My reading of this decision is that since "The unlicensed provision to UK-based users of links to radio stations that are already licensed in the UK is not an act of communication to the public and is, therefore, non-infringing;" TuneIn does not require a license from the BBC to provide UK users with access to its content. I'm therefore hoping that BBC radio stations will reappear on TuneIn soon.

    It also seems that this decision will protect other internet radio broadcasters like Radionomy since their content is only available on a license basis and e.g. TuneIn don't carry their stations.

    1. I'm afraid you're likely to be disappointed. The BBC used technological, rather than legal, means to withdraw its stations from TuneIn, by withdrawing the static URLs by which stations could previously be accessed. Instead, you have to listen through the BBC Sounds app, which will direct your device to a dynamic address which can't be shared with others. So TuneIn won't be able to reinstate BBC services, even if they want to (which I'm sure they do).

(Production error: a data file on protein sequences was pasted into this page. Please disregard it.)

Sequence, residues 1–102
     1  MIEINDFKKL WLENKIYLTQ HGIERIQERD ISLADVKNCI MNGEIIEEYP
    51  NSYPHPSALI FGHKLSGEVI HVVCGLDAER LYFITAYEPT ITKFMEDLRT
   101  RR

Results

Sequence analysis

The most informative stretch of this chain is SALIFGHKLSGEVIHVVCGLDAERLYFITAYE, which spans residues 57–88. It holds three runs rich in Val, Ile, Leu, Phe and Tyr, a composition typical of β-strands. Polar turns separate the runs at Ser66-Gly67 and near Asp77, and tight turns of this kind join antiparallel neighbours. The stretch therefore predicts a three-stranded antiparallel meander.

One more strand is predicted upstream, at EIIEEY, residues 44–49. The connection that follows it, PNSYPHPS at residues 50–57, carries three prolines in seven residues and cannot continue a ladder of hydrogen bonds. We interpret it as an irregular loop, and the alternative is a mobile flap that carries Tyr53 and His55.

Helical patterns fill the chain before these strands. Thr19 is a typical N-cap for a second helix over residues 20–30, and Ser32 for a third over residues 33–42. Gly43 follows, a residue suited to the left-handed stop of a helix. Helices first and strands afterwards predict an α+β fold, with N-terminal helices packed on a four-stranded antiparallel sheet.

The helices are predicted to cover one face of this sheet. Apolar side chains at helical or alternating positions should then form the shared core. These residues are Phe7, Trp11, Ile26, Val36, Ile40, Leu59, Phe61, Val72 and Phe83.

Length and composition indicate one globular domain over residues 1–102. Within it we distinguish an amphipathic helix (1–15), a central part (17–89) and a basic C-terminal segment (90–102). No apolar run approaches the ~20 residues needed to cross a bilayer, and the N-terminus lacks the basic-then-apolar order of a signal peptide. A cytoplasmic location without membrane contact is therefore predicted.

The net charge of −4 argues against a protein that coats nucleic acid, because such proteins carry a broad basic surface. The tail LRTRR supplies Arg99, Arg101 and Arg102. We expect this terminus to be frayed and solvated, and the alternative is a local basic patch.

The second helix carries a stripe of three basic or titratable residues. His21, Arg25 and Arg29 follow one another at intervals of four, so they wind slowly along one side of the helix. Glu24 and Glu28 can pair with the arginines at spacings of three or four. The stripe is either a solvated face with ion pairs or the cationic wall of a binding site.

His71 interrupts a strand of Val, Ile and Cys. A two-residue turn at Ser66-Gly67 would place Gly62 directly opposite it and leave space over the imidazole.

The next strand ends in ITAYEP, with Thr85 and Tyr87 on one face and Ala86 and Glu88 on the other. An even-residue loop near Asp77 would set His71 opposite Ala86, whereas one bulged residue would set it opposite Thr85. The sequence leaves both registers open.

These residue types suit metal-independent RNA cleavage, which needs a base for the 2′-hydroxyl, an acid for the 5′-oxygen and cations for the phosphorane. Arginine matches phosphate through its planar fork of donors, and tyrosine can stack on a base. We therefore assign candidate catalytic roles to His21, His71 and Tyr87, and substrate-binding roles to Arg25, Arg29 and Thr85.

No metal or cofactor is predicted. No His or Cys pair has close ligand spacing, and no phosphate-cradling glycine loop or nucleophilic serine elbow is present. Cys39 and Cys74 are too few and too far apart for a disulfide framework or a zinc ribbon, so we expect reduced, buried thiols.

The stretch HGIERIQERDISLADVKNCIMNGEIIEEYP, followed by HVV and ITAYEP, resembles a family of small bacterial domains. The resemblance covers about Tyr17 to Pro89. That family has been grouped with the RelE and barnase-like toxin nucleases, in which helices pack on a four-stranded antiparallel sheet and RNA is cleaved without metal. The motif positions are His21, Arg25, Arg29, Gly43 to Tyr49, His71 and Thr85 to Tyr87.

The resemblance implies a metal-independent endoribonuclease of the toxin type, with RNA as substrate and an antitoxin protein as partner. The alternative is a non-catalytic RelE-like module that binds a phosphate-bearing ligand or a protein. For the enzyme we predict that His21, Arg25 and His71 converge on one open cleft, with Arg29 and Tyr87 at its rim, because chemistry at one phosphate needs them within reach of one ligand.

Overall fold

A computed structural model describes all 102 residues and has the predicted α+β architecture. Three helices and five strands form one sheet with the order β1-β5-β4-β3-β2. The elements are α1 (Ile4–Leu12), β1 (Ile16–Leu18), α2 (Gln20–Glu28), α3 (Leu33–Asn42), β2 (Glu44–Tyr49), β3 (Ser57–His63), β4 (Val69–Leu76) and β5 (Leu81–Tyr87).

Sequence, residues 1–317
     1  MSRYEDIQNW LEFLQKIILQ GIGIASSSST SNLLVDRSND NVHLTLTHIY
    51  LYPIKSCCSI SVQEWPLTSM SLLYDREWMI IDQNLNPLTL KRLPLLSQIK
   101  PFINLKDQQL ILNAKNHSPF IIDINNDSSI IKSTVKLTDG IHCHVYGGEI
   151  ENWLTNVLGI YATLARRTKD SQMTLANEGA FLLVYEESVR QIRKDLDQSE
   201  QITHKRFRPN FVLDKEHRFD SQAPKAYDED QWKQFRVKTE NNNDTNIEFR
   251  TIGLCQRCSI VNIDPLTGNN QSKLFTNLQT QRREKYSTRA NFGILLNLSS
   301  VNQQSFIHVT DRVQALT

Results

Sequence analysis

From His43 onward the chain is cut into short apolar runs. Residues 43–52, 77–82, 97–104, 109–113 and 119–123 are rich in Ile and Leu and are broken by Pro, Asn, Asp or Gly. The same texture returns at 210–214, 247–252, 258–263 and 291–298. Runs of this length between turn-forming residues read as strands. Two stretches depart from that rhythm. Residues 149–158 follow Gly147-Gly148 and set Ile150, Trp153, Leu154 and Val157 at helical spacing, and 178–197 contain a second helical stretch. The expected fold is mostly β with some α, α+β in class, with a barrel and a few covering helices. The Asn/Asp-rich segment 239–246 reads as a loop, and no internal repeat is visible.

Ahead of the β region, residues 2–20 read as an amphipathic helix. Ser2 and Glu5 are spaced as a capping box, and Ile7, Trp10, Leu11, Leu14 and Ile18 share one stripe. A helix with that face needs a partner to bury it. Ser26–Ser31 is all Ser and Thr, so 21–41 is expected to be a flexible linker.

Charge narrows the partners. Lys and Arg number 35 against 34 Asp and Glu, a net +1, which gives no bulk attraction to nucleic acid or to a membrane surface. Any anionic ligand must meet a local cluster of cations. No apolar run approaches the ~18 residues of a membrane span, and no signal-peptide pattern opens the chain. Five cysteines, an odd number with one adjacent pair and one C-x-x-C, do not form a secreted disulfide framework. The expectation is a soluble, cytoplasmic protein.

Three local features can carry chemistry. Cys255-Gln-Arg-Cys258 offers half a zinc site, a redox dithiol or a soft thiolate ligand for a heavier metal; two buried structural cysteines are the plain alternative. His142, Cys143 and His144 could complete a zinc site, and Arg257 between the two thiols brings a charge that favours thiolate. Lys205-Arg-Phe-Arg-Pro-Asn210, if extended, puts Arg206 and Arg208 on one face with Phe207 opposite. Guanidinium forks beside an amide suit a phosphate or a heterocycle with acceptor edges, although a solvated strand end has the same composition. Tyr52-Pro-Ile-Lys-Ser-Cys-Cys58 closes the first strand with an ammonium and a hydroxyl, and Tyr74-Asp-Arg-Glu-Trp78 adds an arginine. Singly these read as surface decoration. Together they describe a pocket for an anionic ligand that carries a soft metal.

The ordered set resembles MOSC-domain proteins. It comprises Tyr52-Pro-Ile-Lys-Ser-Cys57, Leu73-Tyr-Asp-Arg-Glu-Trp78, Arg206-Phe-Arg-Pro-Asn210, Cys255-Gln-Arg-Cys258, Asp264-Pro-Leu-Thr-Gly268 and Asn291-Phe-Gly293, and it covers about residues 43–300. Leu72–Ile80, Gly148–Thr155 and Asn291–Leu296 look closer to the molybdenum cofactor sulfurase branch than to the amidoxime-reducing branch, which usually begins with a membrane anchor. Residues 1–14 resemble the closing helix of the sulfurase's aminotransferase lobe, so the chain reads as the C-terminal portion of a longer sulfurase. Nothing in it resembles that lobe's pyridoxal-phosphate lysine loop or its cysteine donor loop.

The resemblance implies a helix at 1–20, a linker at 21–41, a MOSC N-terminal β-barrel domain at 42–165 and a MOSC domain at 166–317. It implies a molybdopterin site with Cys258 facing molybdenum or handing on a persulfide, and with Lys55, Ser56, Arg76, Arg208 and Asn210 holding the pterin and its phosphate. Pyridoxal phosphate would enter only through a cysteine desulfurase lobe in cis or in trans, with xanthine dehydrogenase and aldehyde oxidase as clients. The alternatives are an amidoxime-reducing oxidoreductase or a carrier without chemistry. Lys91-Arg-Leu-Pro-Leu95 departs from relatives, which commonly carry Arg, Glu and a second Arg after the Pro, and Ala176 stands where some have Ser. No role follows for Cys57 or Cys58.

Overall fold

2. The static URLs still work - crazy as it may sound, TuneIn are able to continue to provide access to BBC Radio streams on the current app, but only to listeners outside of the UK!

      I believe that the restriction also doesn't apply to the TuneIn app on older devices that can't support the BBC Sounds app (or which the BBC won't supply the app on).

      The links on my original post provide more info about this together with the BBC's rationale for doing it.